Then it all came tumbling down. Intransigent owners and spoiled players dug in their heels, and on August 12 this scintillating season screeched to a halt. For the first time since 1904, the World Series was canceled (the World Series!), and millions of alienated fans won't give a damn if there's no 1995 season, either.
Absurdity is our theme, is it not? No sooner had baseball slapped its faithful down than several owners, including the Rockies' Jerry McMorris, hiked ticket prices. Some gall. While we're at it, witness the response of San Francisco outfielder Barry Bonds, who is paid $4.75 million a year by his club. Out on strike, he pled poverty to a judge, asking that his $15,000-per-month child-support payments be cut in half.
Meanwhile, Ken Burns's public-TV series on the history of the game ran longer than the season.
The entire National Hockey League also went in the tank, but not before the New York Rangers won their first Stanley Cup in 34 years (and 4,232 games).
This was not the only glory in an ignominious year. The Dallas Cowboys won their second straight Super Bowl (as Buffalo dropped its fourth), but they lost their coach, Jimmy Johnson. Paul Azinger brought tears to the eyes of the golf world when he returned to the PGA tour after a bout with cancer; Arnold Palmer did it when he played his last Masters. Tiger Woods--young, gifted and black--gave the game a long-overdue shot in the arm with his win in the U.S. Amateur. In November heavyweight George Foreman, an inspiration to all dreamers, cast out his demons by knocking out champion Michael Moorer in the tenth round.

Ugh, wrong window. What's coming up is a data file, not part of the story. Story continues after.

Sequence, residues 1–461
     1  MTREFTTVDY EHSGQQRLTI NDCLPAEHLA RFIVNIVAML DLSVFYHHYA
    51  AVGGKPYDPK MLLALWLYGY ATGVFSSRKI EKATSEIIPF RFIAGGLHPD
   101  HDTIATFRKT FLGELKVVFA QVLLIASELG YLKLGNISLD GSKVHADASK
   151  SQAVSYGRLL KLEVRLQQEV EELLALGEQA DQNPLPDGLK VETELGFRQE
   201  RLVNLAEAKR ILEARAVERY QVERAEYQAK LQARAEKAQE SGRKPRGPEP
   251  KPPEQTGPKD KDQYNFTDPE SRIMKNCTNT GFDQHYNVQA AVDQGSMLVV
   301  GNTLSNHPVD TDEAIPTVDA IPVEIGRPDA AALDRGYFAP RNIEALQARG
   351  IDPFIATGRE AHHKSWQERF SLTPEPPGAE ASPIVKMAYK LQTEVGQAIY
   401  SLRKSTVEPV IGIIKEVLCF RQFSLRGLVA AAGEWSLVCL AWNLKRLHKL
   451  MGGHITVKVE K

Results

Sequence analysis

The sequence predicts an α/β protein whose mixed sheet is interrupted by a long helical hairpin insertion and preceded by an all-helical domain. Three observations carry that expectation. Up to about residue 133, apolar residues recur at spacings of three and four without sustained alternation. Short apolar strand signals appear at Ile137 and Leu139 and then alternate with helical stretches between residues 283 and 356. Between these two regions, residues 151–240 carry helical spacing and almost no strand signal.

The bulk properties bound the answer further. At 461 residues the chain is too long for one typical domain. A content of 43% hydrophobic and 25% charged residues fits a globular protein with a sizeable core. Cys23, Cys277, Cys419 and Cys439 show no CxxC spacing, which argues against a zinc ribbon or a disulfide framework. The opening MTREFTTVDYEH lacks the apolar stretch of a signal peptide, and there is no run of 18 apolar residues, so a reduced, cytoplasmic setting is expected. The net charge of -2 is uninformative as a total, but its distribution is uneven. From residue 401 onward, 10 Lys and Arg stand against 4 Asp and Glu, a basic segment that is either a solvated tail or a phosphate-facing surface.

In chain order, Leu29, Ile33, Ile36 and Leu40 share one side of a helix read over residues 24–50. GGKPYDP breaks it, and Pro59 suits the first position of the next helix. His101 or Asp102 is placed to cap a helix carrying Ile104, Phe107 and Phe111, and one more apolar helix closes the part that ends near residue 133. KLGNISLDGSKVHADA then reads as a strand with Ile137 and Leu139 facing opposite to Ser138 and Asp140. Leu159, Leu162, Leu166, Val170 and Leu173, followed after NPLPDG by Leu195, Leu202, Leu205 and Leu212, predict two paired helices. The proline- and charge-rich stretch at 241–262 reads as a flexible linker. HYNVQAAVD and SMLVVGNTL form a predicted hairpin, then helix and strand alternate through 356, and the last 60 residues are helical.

"He should never have stood in front of me," the 45-year-old, 250-pound Foreman said. Indeed.
Everyone said the U.S. Ski team was awful, but downhiller Tommy Moe, once cut for smoking pot, won the gold medal at the Lillehammer Olympics. Then Diann Roffe-Steinrotter, winless since 1985, took the gold in Super G. U.S. speed skater Bonnie Blair shone at Lillehammer, and hard-luck case Dan Jansen finally got the medal monkey off his back.
Colorado basked in glories, too. Last spring the Denver Nuggets pulled off the biggest upset in NBA playoff history by beating top-seeded Seattle in seven games, then took Utah the distance in round two before the Mailman and John Stockton did them in. Mount Mutombo and the Dream stand tall this season, but Issel's revitalized Nuggs won't sneak up on anyone.